What happens if you eat rancid nuts?
In this brief guide, we will answer the query, “What happens if you eat rancid nuts?” and will discuss how to tell if nuts have gone rancid.
What happens if you eat rancid nuts?
Eating rancid nuts can cause digestion problems and other health problems, because lipid oxidation generates potentially toxic products that have shown correlation with inflammatory diseases, as well as cancer, atherosclerosis and aging (3).
Even if you don’t become ill right away from eating rotten or stale nuts like almonds, walnuts, or cashews, it’s typically not a good idea since it might interfere with digestion or have other negative consequences on your health over the long run.
What are the potential health risks of eating rancid nuts?
The potential health risks of eating rancid nuts are gastric issues in short terms and inflammation in the long terms. Even if you consume rotten nuts, you are unlikely to have any negative consequences other than a bad taste in your mouth. Although rancid nuts might cause stomach and intestinal discomfort, nausea, vomiting, or diarrhea may occur in rare circumstances.
On the other hand, eating rancid nuts may have a long-term impact on health since rancid oils in nut butter may induce inflammation and carcinogens. The ingestion of oxidized fats leads to the formation of lipid oxidation aldehydes, which are potentially toxic and highly reactive with proteins, phospholipids, and nucleic acids and can be transported into the cell and tissues. These might have health implications by promoting gut inflammation and possibly altering the microbiome (3).
How to Identify and Prevent Nut Rancidity?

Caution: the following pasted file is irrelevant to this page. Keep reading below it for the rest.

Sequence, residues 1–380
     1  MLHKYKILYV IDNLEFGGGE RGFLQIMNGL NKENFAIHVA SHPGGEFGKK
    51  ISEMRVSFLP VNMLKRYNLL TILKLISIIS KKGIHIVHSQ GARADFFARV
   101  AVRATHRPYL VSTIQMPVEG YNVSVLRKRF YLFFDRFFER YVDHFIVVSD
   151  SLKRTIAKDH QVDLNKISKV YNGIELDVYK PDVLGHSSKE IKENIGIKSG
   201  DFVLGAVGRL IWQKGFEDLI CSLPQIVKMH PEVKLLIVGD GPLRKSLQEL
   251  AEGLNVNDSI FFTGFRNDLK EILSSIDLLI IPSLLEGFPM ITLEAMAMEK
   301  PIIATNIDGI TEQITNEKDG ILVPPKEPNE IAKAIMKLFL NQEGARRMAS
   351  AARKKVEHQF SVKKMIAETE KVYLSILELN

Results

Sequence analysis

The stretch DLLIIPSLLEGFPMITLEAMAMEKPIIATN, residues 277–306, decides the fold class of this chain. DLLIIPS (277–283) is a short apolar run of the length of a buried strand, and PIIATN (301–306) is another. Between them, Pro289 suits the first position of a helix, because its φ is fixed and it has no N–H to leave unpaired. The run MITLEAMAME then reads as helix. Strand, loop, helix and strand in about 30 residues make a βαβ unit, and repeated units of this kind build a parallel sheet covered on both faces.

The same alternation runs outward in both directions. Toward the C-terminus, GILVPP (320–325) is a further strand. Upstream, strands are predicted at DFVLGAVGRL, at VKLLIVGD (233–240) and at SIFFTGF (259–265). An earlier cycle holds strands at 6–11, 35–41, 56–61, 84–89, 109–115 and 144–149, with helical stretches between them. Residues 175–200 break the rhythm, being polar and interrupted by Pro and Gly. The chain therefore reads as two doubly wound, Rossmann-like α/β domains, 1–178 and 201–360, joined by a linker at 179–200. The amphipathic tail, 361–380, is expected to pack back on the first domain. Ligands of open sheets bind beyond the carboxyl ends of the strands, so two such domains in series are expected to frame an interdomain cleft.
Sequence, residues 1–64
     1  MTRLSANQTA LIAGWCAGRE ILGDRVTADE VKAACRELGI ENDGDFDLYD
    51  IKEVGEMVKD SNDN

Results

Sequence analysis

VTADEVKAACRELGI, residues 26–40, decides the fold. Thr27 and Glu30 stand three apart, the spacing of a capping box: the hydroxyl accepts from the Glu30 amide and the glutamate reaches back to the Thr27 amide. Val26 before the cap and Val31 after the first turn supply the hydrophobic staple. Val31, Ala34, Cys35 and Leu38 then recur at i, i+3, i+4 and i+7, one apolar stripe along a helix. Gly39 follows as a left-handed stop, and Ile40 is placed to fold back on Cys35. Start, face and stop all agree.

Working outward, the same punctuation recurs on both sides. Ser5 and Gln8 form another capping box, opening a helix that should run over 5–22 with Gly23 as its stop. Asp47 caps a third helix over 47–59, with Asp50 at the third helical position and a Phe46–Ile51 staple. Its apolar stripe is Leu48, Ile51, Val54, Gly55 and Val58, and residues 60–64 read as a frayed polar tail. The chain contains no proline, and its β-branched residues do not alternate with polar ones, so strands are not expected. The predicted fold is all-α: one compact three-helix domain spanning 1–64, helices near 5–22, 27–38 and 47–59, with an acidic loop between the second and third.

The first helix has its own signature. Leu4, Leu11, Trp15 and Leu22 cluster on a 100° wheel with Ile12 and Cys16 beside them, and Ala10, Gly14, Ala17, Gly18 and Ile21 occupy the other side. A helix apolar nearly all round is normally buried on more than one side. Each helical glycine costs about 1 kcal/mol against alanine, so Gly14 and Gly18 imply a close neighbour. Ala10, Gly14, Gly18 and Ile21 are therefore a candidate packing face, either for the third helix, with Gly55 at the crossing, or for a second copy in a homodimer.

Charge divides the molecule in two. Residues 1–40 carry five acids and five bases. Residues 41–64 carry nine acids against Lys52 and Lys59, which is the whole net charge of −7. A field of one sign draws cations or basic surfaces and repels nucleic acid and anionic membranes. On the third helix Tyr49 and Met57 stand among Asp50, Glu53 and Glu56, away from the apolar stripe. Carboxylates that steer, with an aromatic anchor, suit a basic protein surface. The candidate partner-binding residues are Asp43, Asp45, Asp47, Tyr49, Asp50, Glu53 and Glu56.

Rancid nuts are identified by the rancid odor. To prevent the rancidity of nuts, correct storage is needed. Nuts have a high oil content and fatty acid composition that can render them susceptible to oxidative rancidity and rapid deterioration (2).
Rancid or stale nuts such as almonds, walnuts, or cashews may not make you ill right away, but it’s typically not recommended since it may cause long-term damage to your health. Lipid oxidation also produces secondary products, such as carbonyl compounds, aldehydes, hydrocarbons, ketones and furans, that are indicators of food quality deterioration. These compounds are volatile and can be identified through typical odor (2).
The best way to keep nuts fresh for as long as possible is to store them in airtight containers in a cool, dry environment. Nutty wafts fill the air as soon as a package of high-quality nuts is unwrapped. The oxidation of lipids is influenced by environmental factors like temperature, moisture, light and oxygen. Shelf life of nuts may be increased by low temperature and low moisture conditions, added to low moisture content of the nuts, which must be dried prior to storage (4).
Rancidity of oils produces undesirable volatile compounds and off-flavors.
The secondary products derived from the oxidation of lipids are ketones and aldehydes, which have the off-flavors associated with rancid oils (4).
Lipid oxidation can also lead to a darkening of color by the formation of melanoidins and a loss of color due to free radical destruction of conjugated double bonds (3).
Unappropriate storage conditions causes not only rancidity
In addition to rancidity, inappropriate storage conditions such as high temperatures, relative high humidity, light incidence and long-term storage can significantly influence the formation of aflatoxins in nuts. Mycotoxins are toxigenic secondary metabolites of filamentous fungi and have a cumulative effect with a risk of causing damage in the liver and kidney (5).
How to store nuts so they last longer?